In Macedonia and other parts of southern Europe, the main red wine grape varietal grown is the Xinomavro, a blue-black skinned grape whose name translates as 'acid black'. This grape thrives in the hot and arid landscapes of parts of Greece and the Mediterranean coast, and has been used for centuries for the production of superbly characterful dark red wines. The main features of the Xinomavro grape include their thick skins, which hold a high tannin content, and the fact that they contain a relatively high amount of acidity. These features are often problematic in young wines made from Xinomavro grapes, but also produce exquisite aged wines, when the tannins and acids have been given time to mellow and round out. In aged Xinomavro wines, a wide bouquet of delightful aromas is often present, containing classic Mediterranean notes such as black olive and dried tomato.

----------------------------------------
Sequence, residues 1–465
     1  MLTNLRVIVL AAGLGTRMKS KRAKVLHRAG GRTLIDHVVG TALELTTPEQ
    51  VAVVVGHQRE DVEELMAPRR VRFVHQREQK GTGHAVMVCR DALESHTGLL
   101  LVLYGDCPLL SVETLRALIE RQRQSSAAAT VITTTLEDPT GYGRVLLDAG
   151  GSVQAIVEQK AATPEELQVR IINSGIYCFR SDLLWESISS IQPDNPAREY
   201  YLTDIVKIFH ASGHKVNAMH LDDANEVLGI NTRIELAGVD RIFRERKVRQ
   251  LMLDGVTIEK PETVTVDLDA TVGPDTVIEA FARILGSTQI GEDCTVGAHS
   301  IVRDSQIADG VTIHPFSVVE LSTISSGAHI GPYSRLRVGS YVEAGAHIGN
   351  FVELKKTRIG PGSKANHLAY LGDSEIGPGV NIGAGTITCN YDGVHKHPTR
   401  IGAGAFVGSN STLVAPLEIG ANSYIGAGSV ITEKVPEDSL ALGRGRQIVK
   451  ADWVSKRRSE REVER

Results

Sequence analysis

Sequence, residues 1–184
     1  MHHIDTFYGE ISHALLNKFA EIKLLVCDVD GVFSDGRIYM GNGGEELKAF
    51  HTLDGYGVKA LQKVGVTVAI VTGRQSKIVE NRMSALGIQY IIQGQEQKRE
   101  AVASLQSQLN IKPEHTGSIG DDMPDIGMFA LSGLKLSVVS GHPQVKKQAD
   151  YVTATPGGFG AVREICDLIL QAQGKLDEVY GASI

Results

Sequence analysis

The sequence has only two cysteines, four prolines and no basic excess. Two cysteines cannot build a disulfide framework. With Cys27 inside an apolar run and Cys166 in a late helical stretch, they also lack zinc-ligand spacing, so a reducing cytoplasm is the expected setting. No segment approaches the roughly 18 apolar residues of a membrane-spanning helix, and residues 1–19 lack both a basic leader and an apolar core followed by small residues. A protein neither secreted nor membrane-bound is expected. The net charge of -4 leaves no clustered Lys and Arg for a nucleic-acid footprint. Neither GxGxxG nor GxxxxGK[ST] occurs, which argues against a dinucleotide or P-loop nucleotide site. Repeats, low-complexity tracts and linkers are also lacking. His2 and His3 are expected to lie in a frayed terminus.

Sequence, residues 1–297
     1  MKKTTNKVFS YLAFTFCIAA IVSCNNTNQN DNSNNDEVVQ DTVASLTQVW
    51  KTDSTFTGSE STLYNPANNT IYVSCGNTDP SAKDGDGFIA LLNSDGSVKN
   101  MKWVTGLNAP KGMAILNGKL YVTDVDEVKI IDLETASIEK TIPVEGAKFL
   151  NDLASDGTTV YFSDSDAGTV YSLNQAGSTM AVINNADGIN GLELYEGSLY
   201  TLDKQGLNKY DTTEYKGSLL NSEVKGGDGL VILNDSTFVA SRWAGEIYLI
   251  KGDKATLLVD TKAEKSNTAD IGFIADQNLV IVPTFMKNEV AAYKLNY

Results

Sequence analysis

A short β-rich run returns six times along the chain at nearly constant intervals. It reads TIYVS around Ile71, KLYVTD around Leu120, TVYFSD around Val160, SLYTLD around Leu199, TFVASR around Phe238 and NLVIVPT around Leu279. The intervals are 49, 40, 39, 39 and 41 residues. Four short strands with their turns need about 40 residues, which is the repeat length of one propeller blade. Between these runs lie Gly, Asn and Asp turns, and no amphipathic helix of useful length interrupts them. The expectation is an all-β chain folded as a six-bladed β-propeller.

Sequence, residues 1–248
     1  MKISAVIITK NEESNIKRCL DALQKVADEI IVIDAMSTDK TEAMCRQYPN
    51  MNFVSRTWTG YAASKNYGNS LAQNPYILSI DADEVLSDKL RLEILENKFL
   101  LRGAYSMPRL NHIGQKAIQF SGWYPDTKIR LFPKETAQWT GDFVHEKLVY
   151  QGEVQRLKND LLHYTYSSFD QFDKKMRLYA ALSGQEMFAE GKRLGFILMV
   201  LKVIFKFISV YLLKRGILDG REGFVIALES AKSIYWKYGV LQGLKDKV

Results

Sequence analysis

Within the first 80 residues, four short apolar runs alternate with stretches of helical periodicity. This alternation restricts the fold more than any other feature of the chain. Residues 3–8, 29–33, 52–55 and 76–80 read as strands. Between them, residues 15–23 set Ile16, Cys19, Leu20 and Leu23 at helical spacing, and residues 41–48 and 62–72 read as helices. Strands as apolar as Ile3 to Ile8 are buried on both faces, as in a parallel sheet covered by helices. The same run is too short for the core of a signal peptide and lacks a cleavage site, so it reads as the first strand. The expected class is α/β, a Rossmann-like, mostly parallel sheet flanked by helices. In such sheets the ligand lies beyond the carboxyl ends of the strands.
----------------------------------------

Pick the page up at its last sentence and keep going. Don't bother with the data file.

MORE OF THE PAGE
Few countries in the world can claim such an illustrious history of viticulture as that found in Greece, just as few countries can benefit from such an impressive range of terrain as that found across the mainland and islands of this ancient and fascinating land. When we consider that grapes are grown everywhere from the tiny islands in the Aegean sea, to larger land masses such as Rhodes and Crete, on the arid and rocky mainland and mountainous regions of Greek Macedonia, it is no wonder Greek wines show such huge diversity in style, flavor, aroma and character. One thing remains consistent, however, and that is the dedication to producing distinctly 'Greek' wines, full of characteristics which reflect the slow evolution of viticulture in a country which has been producing wine for several thousand years. Whilst certain wines, such as Retsina and those made from the Agiorghitiko grapes have long since been popular with fine wine drinkers world-wide, Greek wineries are continuing to produce superb wines using a wide range of native and imported grape varietals, meaning there are always plenty of new flavors and aromas to discover.